Admitting guilt is 'non-starter' for Kraft in solicitation case

Tanya Simon
March 20, 2019

The deferred prosecution deal offered to Kraft and others is a bit unusual in that it requires those charged to review the evidence in the case and agree that if it went to trial, they would be found guilty of prostitution solicitation. This week, Kraft was offered a deal to have all of his charges dropped.

Kraft has denied taking part in any illegal activity - and that admission is likely the primary reason he will decline the deal. While agreeing to admit guilt would ensure that the Patriots owner would not face any jail time, the Post reported that it would also "certainly mean he'd also face some kind of discipline from the NFL" under the league's personal conduct policy.

It's not surprising that Kraft didn't take the deal - but it'll be interesting to see if he regrets the decision.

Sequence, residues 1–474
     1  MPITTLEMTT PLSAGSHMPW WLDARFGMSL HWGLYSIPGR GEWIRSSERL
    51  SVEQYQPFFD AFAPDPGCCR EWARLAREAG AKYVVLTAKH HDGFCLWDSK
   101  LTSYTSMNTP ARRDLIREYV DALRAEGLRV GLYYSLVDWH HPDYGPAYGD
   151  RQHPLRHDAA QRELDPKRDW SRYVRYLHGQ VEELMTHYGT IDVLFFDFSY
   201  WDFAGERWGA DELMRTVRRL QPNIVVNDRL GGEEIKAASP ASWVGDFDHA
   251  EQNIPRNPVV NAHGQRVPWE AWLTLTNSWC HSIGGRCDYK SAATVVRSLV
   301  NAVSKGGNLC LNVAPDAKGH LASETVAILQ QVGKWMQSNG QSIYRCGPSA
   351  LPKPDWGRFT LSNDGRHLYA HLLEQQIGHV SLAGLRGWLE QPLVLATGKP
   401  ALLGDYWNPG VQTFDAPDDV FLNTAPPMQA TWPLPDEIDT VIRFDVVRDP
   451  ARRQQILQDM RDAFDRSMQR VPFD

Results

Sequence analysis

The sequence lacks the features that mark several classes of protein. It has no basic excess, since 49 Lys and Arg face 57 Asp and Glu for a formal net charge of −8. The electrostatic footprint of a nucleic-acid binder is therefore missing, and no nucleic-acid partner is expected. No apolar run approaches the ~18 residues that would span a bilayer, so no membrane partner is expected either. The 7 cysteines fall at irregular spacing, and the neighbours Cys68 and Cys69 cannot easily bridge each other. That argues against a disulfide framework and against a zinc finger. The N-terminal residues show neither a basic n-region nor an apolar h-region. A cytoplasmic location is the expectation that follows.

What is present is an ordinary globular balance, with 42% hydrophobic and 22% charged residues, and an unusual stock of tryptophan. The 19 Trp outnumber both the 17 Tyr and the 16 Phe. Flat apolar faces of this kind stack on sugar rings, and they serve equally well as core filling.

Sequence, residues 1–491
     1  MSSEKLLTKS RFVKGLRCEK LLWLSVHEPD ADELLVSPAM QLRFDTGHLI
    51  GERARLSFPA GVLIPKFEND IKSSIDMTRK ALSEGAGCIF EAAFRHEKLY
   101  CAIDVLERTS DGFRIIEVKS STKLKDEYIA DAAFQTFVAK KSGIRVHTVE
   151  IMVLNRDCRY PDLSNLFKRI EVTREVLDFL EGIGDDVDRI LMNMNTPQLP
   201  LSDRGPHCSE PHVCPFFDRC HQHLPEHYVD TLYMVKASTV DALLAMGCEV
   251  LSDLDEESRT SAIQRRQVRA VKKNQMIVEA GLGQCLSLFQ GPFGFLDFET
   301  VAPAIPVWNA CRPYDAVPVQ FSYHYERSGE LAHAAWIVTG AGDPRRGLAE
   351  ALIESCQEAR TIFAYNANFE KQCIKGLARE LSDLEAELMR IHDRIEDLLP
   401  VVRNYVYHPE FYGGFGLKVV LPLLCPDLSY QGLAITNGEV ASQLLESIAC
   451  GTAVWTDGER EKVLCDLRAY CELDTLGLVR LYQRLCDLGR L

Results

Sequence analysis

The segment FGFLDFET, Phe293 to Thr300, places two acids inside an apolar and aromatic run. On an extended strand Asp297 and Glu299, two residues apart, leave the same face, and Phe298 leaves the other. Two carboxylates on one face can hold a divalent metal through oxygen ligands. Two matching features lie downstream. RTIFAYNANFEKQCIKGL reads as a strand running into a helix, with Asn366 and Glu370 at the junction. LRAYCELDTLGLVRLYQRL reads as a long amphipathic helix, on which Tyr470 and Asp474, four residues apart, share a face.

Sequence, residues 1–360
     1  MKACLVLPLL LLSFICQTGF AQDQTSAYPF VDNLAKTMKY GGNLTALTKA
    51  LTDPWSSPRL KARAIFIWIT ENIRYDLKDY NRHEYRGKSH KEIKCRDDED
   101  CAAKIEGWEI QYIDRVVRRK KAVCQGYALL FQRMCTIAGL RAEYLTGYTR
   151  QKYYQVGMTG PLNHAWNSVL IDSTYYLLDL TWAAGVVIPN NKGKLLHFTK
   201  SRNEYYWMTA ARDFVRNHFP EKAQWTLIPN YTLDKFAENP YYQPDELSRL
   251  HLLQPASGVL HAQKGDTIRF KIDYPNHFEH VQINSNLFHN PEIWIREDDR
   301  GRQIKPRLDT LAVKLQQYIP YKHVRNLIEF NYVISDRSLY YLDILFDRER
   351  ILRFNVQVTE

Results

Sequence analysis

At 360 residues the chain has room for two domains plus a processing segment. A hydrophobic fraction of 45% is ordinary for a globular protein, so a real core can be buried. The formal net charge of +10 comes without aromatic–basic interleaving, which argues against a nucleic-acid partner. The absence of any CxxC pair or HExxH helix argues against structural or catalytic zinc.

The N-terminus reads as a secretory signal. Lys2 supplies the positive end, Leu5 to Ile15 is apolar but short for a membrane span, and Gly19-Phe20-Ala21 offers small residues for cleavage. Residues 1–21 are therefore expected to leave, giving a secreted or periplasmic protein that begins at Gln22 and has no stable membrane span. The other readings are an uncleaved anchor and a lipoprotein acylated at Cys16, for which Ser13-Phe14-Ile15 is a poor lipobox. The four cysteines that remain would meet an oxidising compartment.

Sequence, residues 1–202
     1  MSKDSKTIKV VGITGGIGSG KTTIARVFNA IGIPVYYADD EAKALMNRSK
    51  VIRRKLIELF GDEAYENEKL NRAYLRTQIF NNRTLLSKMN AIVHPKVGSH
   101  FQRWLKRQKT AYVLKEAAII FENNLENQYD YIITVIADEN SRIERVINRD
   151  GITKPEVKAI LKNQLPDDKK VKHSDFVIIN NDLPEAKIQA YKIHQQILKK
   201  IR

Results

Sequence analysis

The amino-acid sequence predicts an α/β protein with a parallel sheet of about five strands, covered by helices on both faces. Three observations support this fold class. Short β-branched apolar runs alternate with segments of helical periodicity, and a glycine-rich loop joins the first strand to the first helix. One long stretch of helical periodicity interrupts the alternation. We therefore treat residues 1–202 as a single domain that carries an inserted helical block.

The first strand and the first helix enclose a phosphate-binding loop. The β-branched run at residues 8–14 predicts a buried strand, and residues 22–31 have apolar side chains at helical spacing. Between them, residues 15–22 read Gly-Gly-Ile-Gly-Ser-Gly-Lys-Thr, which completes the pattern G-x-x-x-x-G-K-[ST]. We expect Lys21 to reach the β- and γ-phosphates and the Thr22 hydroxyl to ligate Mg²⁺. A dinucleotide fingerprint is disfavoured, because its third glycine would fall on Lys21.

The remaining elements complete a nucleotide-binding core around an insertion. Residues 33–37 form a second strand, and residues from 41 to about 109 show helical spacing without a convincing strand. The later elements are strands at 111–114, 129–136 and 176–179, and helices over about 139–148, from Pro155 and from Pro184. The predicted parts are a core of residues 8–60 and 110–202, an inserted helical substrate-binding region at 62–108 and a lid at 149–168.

Jack Goldberger, a lawyer representing Kraft in the case, did not immediately respond to requests for comment Wednesday afternoon.

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Kraft pleaded not guilty to the two misdemeanor charges.

Police claim to have video evidence of him exchanging money for sexual services.

Kraft's attorneys and attorneys for 14 other supsects charged in the prostitution sting filed a protective order on Wednesday to stop law enforcement from releasing evidence gathered during the police investigation, according to TMZ Sports. Distancing himself from trafficking allegations is one of Kraft's primary objectives, as Quinn explained in a series of tweets Tuesday night.

Kraft is scheduled to be arraigned March 28 in Palm Beach County, Fla.

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